You may also uncover a sub-topic or question that doesn’t require an entire article but may be a section worth adding to an existing article.
Review Search Queries
Keyword data has been gone from Google Analytics for years. But, if you connect your Google Search Console account to Google Analytics you can review search queries directly through Google Analytics.
To connect your Search Console account go to the Admin panel in Google Analytics. Under the property settings, click on All Products under the Product Linking section. Then follow the prompts to link your accounts.
Once you’ve connected your accounts, Google Analytics will begin collecting Search Console data.
To review your search query data go to Acquisition > Search Console > Queries. Use this data similar to how you leveraged the internal site search data. Are there any gaps that you can create new content to answer? Are there terms or language being used that differs from what you use on your website? Are there any sections that can be added to existing articles?
Know Who You’re Talking To
Google Analytics can not only help you understand what you should be saying, but also who you are talking to. You need to understand who your audience is so you can fine-tune your content to meet their needs.
It’s important to keep your reader in mind so each article talks directly to a person. If you generalize your content than you are speaking to no one, and your content will resonate with no one. It’s better to speak to one person than everyone. But, who is that one person?
Under the Audience section you can view demographics and interests. Navigate to Audience > Interests > Affinity Categories to get an idea of the interests and habits of your site visitors.
This data will not only give you a better idea of who you’re talking to, but it can also provide content tie-in ideas. If your audience likes sports you can add some sports analogies. You can create an article related to a popular TV show or movie for entertainment lovers. These categories can add a fun twist to traditional content ideas.
Understand How Your Content Performed
Of course one of the best, and most common, uses of Google Analytics for content marketers is to review the performance of your articles.
Add Annotations To Visualize Impact of New Content
Google Analytics allows you to add notes that appear as icons on the timeline graphs. This makes it easy to get a rough idea if there was a manual action taken immediately before a spike in traffic.
Documenting big site changes can make it easier to understand the full story when looking at your data. Some items you may want to annotate include site outages, new site designs, and product launches. If content marketing is a key strategy for your business, documenting article published dates could help you understand the data later.
When you release a new article click on the down arrow below any graph. Then click create new annotation. There you can add your note. Enter the date you want the note recorded on and a description such as Published Google Analytics for Content Marketing Article.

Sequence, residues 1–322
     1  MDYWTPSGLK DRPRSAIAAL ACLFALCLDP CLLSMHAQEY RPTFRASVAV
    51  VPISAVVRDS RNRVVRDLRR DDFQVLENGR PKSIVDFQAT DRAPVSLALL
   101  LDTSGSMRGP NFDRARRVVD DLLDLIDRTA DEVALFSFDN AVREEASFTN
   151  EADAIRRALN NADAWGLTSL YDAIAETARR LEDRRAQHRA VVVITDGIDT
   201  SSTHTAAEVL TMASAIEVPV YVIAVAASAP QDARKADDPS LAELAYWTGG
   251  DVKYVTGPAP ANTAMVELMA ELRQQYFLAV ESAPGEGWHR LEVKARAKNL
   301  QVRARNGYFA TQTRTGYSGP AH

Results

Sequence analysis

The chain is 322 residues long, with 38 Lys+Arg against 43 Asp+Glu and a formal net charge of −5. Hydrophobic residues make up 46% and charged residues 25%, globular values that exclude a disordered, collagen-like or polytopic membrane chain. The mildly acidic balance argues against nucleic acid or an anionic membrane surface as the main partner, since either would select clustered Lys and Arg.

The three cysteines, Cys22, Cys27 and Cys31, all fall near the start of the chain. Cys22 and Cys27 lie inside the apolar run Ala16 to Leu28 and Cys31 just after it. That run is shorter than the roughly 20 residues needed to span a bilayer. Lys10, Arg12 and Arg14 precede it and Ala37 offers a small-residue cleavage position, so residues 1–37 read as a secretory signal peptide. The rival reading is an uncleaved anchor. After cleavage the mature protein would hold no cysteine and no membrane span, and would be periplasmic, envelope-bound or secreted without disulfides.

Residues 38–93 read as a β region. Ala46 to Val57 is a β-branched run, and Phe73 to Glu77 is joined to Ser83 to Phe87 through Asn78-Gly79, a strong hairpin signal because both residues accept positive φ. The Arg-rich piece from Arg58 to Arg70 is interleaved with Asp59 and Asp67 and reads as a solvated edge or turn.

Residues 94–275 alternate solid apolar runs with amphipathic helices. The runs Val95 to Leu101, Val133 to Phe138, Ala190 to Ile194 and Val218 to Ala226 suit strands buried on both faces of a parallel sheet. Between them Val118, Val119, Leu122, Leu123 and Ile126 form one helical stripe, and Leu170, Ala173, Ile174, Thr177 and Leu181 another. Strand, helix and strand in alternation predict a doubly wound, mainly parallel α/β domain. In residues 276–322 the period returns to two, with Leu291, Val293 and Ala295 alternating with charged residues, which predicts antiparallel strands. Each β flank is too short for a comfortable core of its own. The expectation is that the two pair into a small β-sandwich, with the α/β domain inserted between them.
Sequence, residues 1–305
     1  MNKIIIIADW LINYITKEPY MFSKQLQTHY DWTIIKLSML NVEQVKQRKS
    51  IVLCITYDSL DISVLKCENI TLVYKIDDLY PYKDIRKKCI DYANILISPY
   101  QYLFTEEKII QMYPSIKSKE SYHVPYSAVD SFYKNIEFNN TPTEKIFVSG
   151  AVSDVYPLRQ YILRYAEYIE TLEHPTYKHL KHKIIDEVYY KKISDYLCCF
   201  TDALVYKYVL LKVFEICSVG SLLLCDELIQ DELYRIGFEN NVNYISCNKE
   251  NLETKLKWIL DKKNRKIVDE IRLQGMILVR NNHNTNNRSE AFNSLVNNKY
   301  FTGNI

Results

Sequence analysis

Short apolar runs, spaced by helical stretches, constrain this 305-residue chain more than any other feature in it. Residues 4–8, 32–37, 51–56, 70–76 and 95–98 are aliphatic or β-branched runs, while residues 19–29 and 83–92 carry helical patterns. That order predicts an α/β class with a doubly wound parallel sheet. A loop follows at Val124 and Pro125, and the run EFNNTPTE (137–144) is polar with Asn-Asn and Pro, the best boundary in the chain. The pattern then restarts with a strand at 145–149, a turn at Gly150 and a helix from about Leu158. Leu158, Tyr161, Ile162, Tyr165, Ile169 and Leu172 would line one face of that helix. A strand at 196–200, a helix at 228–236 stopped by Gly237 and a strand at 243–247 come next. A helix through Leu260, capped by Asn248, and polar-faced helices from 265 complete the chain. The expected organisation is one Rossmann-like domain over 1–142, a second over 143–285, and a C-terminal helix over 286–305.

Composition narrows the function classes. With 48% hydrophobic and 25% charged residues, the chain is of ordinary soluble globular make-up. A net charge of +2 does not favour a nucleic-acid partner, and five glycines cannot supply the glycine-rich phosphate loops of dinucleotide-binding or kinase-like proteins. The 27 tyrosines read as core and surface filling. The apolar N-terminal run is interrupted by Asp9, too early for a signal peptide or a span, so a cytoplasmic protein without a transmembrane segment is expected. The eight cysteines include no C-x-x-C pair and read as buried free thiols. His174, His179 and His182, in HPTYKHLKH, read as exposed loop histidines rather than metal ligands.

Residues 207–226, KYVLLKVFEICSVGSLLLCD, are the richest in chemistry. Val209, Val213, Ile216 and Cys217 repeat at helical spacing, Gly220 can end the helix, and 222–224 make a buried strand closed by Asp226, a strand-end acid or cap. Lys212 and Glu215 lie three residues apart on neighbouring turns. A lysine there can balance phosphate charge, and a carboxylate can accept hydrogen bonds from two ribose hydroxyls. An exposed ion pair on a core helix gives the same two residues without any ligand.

Having an article published directly before a spike in traffic doesn’t necessarily mean that article was responsible for the increase. You’ll have to dig in to the All Pages report under Behavior to get a better idea of the traffic for a specific page. But, when you see a big spike it’s nice to get an idea about what happened on the site right before so you can get an idea of where to look. It helps paint the picture of some of the factors that could have contributed.
Review Source / Medium to Analyze Distribution Channels
Once you’re reviewing the content article you want to analyze, add in a secondary dimension to get an idea which distribution channels have the biggest impact.
Let’s take a step back. Looking for where to review your content article? Start with the All Pages report under Behavior. You can use the search field above the metric names to narrow the data down to the article(s) you want to analyze.
Now that you have your article data in front of you, add a secondary dimension. To do this, click the Secondary dimension dropdown at the top of the data table. Add the secondary dimension called Source / Medium. (You can use the search field in the dropdown to quickly find the dimension.)
Now, you can view the articles broken down by channel. So, you can compare metrics for google organic traffic to the page versus facebook traffic or paid ads.
Advanced Tip: Create Automated Dashboard to Track Performance Over Time
Monitoring your results on an ongoing basis will make it easier to identify trends. You’ll be able to recognize popular articles and let that guide your future content themes.
Data Studio can be as simple or complex as you need. Here is a tutorial on how to create an automated dashboard to track content post-publish. It is an advanced dashboard configuration but the article includes templates to ease the process.
What reports or metrics do you find most helpful for your content marketing efforts? Please share them with us in the comments!